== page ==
The course conducted by Rwanda National Police (RNP) falls in the existing agreement with Rwanda Development Board signed in February 2010. It was organized to improve their overall professionalism in ensuring security of game parks and tourists.
The training covered topics such as drills and duties, skills at arms, self defense, voice procedures, Rwandan values, patriotism, first aid and physical fitness, among others.
Speaking during the pass-out, Commissioner of Police Vianney Nshimiyimana, the commandant of PTS, said that the refresher course was designed and conducted based on the challenges that the park rangers were facing in countering illegal activities within game parks.
“All these areas covered were designed to instill discipline, value and protection of service equipment, teamwork, alertness, safety precaution, quick and right way to respond in times of need, effective communication and efficient handover-takeover process,” Nshimiyimana said.
“This was a short but rewarding course, but it is one thing to acquire skills and another to put the skills to good use. You are leaving here and Rwandans expect a difference in the accomplishment of your daily duties,” he added.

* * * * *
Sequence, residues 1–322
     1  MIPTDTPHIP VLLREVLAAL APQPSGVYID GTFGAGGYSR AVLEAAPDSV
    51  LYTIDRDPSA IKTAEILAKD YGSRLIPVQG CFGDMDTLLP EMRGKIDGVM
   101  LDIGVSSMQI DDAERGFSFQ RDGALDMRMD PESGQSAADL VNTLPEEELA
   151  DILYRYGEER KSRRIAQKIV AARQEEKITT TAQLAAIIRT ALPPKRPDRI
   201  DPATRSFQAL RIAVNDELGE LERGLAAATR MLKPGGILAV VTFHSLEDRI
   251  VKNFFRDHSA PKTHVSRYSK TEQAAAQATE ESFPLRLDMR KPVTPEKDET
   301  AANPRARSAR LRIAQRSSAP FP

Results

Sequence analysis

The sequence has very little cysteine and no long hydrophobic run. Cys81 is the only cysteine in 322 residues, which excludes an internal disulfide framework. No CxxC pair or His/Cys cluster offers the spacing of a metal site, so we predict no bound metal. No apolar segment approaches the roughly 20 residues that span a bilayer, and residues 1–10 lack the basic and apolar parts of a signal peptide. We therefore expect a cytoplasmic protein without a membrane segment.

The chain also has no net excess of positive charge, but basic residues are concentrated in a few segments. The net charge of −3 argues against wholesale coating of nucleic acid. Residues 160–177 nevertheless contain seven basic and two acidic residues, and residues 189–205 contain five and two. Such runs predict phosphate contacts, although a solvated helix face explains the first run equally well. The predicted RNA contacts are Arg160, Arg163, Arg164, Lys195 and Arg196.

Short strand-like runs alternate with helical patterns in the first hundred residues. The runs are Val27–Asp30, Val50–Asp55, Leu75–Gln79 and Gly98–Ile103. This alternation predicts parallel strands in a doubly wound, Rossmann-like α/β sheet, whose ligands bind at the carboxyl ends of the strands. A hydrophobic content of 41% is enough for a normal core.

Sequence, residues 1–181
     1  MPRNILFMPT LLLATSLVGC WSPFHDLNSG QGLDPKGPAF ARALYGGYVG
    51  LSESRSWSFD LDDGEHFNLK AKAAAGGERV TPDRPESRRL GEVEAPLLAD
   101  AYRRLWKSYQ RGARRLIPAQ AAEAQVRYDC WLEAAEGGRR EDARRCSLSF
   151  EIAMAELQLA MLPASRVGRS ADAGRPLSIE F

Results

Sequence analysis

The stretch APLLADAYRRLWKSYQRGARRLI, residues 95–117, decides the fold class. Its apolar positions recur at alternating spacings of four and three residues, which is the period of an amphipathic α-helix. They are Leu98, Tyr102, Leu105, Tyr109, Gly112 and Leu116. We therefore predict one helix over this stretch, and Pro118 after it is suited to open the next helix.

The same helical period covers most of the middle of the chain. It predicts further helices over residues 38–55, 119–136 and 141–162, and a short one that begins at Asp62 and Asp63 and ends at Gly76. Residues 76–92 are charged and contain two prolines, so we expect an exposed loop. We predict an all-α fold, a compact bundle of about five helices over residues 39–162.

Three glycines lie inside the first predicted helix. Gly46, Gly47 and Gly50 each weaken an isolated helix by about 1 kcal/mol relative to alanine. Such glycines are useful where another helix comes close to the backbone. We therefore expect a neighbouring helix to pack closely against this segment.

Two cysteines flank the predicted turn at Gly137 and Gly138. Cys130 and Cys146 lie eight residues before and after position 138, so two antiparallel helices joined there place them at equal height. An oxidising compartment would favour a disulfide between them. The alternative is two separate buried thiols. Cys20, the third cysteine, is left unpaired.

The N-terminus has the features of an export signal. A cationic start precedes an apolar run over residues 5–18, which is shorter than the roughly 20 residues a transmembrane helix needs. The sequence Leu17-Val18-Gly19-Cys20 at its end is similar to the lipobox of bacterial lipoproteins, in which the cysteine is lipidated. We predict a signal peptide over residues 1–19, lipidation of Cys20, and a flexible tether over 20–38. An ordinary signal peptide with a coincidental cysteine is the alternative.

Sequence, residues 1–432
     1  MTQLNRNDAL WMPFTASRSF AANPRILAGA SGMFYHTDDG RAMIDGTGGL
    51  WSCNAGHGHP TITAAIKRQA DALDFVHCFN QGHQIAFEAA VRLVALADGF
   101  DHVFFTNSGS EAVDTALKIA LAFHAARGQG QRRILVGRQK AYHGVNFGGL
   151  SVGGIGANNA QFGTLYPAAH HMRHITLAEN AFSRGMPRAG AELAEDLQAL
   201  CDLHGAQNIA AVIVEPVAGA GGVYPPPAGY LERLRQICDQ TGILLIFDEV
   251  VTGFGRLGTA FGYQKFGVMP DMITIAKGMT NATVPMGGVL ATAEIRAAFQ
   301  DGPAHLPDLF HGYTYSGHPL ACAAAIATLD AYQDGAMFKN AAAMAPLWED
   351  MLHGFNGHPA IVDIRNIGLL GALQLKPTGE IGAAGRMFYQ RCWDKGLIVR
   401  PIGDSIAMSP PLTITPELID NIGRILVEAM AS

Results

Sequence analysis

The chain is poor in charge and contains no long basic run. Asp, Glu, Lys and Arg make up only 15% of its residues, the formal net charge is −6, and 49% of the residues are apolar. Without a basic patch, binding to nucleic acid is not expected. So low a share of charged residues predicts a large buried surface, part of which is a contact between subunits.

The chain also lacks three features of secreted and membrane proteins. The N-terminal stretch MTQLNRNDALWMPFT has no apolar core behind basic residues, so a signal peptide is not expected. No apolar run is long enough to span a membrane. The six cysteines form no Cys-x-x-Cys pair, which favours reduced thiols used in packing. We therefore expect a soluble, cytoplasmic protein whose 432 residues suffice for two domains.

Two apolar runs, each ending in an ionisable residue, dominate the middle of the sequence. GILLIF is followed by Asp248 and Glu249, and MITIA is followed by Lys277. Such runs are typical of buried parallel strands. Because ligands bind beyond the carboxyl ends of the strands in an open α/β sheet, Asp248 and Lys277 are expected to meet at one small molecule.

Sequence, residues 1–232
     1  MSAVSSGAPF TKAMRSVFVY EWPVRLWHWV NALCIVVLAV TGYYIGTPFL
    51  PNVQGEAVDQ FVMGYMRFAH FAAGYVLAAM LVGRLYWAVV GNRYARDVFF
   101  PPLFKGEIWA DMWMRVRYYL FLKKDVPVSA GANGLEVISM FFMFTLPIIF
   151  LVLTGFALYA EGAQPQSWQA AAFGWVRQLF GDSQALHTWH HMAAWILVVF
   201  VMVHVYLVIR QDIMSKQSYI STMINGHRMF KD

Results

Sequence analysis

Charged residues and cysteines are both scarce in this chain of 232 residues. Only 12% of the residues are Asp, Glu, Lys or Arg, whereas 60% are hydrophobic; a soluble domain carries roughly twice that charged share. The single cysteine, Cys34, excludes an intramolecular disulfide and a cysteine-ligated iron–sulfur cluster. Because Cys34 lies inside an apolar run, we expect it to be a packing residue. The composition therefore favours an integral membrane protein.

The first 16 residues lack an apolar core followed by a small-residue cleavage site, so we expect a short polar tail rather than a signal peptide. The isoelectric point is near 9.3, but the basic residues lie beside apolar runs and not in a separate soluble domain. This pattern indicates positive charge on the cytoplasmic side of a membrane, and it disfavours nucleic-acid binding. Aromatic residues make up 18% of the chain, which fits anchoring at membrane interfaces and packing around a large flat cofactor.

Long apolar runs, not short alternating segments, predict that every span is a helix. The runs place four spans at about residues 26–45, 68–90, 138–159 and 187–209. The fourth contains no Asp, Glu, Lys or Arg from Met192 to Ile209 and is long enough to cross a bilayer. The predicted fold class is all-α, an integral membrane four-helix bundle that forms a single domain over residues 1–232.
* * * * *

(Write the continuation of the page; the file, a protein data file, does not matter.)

Chief Financial Officer at RDB, Mark Nkurunziza said that this course is vital in the tourism promotion and conservation of game parks in Rwanda.
“Tourism is an essential pillar of national development and game reserves play the lead role in this case as major revenue generation, and the security of these tourist destinations is key,” Nkurunziza said
Rwanda has four game reserves; Akagera, volcanoes, Nyungwe and Gishwati-Mukura, which is currently under conservation.
Akagera, volcanoes and Nyungwe alone add about US$19 million in the national coffers, annually, according to Eugene Mutangana, the Head of Conservation at RDB.
Meanwhile, Nkurunziza said that following the increase in the price of Gorilla Permits from US$ 750 to US $1,500, the government also increased the revenue sharing scheme from 5% to 10% to support development activities of communities around.
He further outlined poaching, illegal mining activities and bee harvesting as some of the challenges facing game reserves in Rwanda, but which the training comes to address.